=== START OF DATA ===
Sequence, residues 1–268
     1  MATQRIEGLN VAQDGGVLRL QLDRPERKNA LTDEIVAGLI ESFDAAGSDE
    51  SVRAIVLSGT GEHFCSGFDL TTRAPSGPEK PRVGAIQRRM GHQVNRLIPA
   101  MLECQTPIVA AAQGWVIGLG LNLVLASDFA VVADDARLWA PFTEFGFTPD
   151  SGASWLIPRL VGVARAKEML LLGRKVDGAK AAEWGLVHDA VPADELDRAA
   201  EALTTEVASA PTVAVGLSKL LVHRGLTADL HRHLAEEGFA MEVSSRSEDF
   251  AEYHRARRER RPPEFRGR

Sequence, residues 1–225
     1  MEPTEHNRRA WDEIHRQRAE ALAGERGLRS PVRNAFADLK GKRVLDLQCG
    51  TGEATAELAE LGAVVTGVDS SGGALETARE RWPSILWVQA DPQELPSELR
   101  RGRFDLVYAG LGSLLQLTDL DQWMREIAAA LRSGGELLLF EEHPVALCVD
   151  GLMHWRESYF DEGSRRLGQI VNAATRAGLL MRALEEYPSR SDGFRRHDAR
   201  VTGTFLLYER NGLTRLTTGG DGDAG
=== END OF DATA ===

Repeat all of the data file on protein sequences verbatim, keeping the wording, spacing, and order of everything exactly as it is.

Sequence, residues 1–268
     1  MATQRIEGLN VAQDGGVLRL QLDRPERKNA LTDEIVAGLI ESFDAAGSDE
    51  SVRAIVLSGT GEHFCSGFDL TTRAPSGPEK PRVGAIQRRM GHQVNRLIPA
   101  MLECQTPIVA AAQGWVIGLG LNLVLASDFA VVADDARLWA PFTEFGFTPD
   151  SGASWLIPRL VGVARAKEML LLGRKVDGAK AAEWGLVHDA VPADELDRAA
   201  EALTTEVASA PTVAVGLSKL LVHRGLTADL HRHLAEEGFA MEVSSRSEDF
   251  AEYHRARRER RPPEFRGR

Sequence, residues 1–225
     1  MEPTEHNRRA WDEIHRQRAE ALAGERGLRS PVRNAFADLK GKRVLDLQCG
    51  TGEATAELAE LGAVVTGVDS SGGALETARE RWPSILWVQA DPQELPSELR
   101  RGRFDLVYAG LGSLLQLTDL DQWMREIAAA LRSGGELLLF EEHPVALCVD
   151  GLMHWRESYF DEGSRRLGQI VNAATRAGLL MRALEEYPSR SDGFRRHDAR
   201  VTGTFLLYER NGLTRLTTGG DGDAG